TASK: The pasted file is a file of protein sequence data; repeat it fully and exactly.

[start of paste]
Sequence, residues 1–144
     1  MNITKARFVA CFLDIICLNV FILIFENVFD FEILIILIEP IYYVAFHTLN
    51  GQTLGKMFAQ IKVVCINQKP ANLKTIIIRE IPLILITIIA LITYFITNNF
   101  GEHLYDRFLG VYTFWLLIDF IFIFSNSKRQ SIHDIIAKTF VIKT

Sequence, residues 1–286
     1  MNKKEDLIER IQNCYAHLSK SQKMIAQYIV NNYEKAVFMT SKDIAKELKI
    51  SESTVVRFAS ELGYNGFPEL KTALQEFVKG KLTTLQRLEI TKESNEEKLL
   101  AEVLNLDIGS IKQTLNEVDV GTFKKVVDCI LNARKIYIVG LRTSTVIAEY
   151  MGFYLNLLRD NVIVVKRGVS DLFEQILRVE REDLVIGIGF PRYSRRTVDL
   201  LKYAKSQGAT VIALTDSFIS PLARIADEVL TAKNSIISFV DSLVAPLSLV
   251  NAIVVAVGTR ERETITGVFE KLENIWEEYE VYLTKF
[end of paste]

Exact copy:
Sequence, residues 1–144
     1  MNITKARFVA CFLDIICLNV FILIFENVFD FEILIILIEP IYYVAFHTLN
    51  GQTLGKMFAQ IKVVCINQKP ANLKTIIIRE IPLILITIIA LITYFITNNF
   101  GEHLYDRFLG VYTFWLLIDF IFIFSNSKRQ SIHDIIAKTF VIKT

Sequence, residues 1–286
     1  MNKKEDLIER IQNCYAHLSK SQKMIAQYIV NNYEKAVFMT SKDIAKELKI
    51  SESTVVRFAS ELGYNGFPEL KTALQEFVKG KLTTLQRLEI TKESNEEKLL
   101  AEVLNLDIGS IKQTLNEVDV GTFKKVVDCI LNARKIYIVG LRTSTVIAEY
   151  MGFYLNLLRD NVIVVKRGVS DLFEQILRVE REDLVIGIGF PRYSRRTVDL
   201  LKYAKSQGAT VIALTDSFIS PLARIADEVL TAKNSIISFV DSLVAPLSLV
   251  NAIVVAVGTR ERETITGVFE KLENIWEEYE VYLTKF